Oregon voters defeat Measure 97, approve Measures 98 and 99
Voters have rejected a corporate tax plan that would have injected about $3 billion per year into state funding, leaving lawmakers with the task of filling a projected $1.35 billion budget shortfall in the next biennium.
Measure 97, which would have been the largest tax increase in Oregon history, was losing 59 percent to 40 percent in early returns. The measure was designed to benefit schools, health care and senior services – but independent analysts concluded that its proceeds could be used as the Legislature wished.
Two other education-related measures fared better in Tuesday’s general election. Measure 98, which would provide funding for dropout prevention, college readiness and career training, was passing 65 percent to 34 percent. Measure 99, a proposal to fund Outdoor School, was passing 66 percent to 33 percent.
Jeremy Rogers, vice president of the Oregon Business Council, said the takeaway from Measure 97’s defeat is that elected officials must address the state’s underlying spending problems before they can fix school funding and balance the state budget.
“Our elected officials have to lead this conversation, and it has to be a comprehensive approach,” he said.
The business community would like to be a partner in working with lawmakers to solve the problem, he added.
Measure 97, if it had passed, would have levied a 2.5 percent gross receipts tax on large “C” corporations that have Oregon sales of more than $25 million. Opponents contended that the tax ultimately would have been passed on to consumers in the form of higher prices on retail goods.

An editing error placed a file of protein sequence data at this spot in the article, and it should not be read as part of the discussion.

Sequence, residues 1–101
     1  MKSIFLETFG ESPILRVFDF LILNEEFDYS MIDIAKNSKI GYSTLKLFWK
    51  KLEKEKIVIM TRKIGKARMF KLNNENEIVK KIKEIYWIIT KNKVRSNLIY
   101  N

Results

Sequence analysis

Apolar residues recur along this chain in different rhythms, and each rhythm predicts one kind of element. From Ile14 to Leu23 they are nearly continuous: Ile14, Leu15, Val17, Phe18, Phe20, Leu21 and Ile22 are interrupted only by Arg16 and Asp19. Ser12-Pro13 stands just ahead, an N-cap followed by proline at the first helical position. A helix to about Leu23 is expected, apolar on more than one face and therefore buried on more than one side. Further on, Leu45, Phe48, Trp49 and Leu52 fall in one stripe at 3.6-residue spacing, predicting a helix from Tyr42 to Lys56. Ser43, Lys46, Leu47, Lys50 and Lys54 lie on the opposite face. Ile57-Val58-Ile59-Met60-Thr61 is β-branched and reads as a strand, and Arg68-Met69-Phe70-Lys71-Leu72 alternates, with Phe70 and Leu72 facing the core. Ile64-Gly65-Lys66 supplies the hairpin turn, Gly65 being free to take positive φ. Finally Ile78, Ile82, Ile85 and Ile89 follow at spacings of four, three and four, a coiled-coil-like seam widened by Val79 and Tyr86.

Measure 97 wound up as the most expensive political campaign in Oregon history, with supporters and opponents spending a combined total of more than $42 million. The previous high of $29 million was set in 2014 involving a measure to label genetically modified foods.
With Measure 98, schools will get financial help in adding career-technical classes, providing more college credit classes and addressing the high school graduate rate. The measure requires the Legislature to earmark $800 per student – about $150 million in all – to fund dropout prevention strategies and provide college and career readiness programs in high schools. The Department of Education and the Secretary of State's audit division will monitor the results.
Parents and environmental groups are celebrating passage of Measure 99 to fund Outdoor School. It requires the Legislature to earmark Oregon Lottery revenue – between $5.5 million and $22 million per year – to fund a weeklong Outdoor School experience for all Oregon fifth and sixth graders. The Oregon State University Extension Service will oversee the fund.
Outdoor School was founded in 1957, but over the years many districts have either dropped the program or reduced the number of days because of lack of funding. In those that still offer it, parents typically are asked to pick up part of the tab. Proponents tout Outdoor School as a special experience that all Oregon students should have, so they can appreciate and learn more about the environment.
- Key points - Analysis of K-12 funding
- We are confirming that with the passing of HB 2892 all of the schools in our district will begin flying an MIA/POW flag with the US flag and the Oregon State flag on January 1, 2016. Is that correct?
- Given all the new changes within the state and the country regarding legal and medical marijuana, what is our school's obligation to individuals who bring marijuana on to campus but have a medical marijuana card?
- Although the charter school board meeting dates are posted on the school calendar and anyone can request a packet of materials that will be used at the school board meeting, do the agenda and the minutes need to actually be posted where the public can read them?
- Common school fund